What Really Causes a Sunburn (and How to Treat It Fast!)

'Tis the season for forgetting the SPF (and ending up lobster-red). Learn what actually causes a sunburn and how to treat it right.
What Really Causes a Sunburn (and How to Treat It Fast!)

With the summer sun still beating down, spending quality time outdoors is a given. But when we forget to slather on SPF, many people fall victim to nasty, no-fun sunburns. Find out what actually causes the skin to burn to a crisp and how to soothe the pain in no time.Photo: Kirrus

Burning Man — The Need-to-Know

There’s nothing to laugh about when it comes to this type of roasting. Sunburns are most common among adults 18 to 29 years old (guilty as charged), with 65 percent of white adults reporting at least one sunburn per year Sunburn and sun protective behaviors among adults aged 18-29 years--United States, 2000-2010. Centers for Disease Control and Prevention, Morbitidy and Mortality Weekly Report, 2012 May 11;61(18):317-22..

Surprise! It’s not the heat that causes the burn — it’s excessive exposure to ultraviolet (UV) light. When exposed to UV rays released from the sun, the skin produces melanin, a substance that protects us from the sun and gives our skin its color. However, when we come in contact with too many UV rays (hello, beach bums), the body can't produce enough melanin to protect the skin. It normally takes a few hours for a sunburn to actually become visible, so we may be in the red even before the burn even appears.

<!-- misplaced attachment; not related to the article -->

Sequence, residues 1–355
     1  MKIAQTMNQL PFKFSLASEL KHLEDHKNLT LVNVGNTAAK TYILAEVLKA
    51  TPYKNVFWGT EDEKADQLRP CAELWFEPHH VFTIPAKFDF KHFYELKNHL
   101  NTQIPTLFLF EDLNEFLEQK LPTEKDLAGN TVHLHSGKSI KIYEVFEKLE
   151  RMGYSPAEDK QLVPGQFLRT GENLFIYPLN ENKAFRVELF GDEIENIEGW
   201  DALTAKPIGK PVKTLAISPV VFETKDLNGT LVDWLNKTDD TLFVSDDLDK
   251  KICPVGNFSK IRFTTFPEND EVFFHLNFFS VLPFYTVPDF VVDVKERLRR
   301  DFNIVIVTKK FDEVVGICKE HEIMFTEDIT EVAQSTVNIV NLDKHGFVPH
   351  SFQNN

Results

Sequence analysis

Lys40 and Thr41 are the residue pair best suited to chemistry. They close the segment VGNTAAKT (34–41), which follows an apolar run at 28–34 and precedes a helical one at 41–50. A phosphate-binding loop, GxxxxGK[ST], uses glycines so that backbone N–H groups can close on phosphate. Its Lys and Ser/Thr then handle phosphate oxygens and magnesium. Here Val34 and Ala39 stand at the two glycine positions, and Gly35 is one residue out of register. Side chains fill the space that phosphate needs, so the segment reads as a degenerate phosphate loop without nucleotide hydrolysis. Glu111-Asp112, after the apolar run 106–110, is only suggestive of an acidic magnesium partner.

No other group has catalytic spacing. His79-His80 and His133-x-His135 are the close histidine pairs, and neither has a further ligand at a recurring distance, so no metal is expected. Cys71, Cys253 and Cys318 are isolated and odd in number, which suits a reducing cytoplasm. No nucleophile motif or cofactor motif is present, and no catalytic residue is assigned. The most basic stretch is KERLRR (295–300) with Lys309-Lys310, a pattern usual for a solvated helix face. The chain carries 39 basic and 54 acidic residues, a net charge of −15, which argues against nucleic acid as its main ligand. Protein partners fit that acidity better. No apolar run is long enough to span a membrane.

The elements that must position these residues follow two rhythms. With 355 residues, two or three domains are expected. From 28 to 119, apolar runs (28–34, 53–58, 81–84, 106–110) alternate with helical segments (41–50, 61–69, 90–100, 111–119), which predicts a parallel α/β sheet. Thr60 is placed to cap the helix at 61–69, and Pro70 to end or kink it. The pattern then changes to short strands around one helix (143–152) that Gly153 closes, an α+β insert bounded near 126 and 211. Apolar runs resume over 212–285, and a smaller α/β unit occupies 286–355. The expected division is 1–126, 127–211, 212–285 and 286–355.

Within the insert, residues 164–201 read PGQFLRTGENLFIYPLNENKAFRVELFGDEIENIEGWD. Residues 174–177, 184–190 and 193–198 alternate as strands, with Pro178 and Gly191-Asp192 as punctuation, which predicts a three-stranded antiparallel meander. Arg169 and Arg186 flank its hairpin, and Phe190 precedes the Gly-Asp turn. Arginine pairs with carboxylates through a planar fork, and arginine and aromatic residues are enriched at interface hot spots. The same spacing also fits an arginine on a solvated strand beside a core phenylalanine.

But it goes beyond red skin and weird tan lines. In some cases, blisters can form, and the skin may even swell — a condition called edema. In more severe situations, sunburn can turn into sun poisoning, which can cause fevers, chills, and nausea. How we react to the sun (aka how much melanin we can produce) is mainly based on genetics, but we should all slather on the sunscreen just to be safe What Controls Variation in Human Skin Color? Barsh, G.S., PLoS Biology, 2003 October; 1(1): e27

Plus, studies show that getting burnt to a crisp as a kiddo or young adult can significantly increase a person's risk of developing a melanoma (which can lead to skin cancer) later in life Sunburn in children and adolescents: associations with parents' behaviour and attitudes. Behrens CL, Thorgaard C, Philip A, Bentzen J. Danish Sun Smart Campaign, Department of Prevention and Documentation, Danish Cancer Society, Copenhagen, Denmark. The Scandinavian Journal of Public Health. 2013 May; 41(3):302-10.

Aloe-ha? — Your Action Plan

The best way to treat a sunburn is to prevent it from happening in the first place! Make sure to apply sunscreen over the entire body (especially if headed to the nude beach). Any part of the bod can be burned, including earlobes, the scalp, lips, and eyes. But if it’s a little too late, try these tips to treat the burn:

Have you ever dealt with a painful sunburn? What did you find was the best way to treat the burn?

Originally posted on August 13, 2012. Updated July 2013. 

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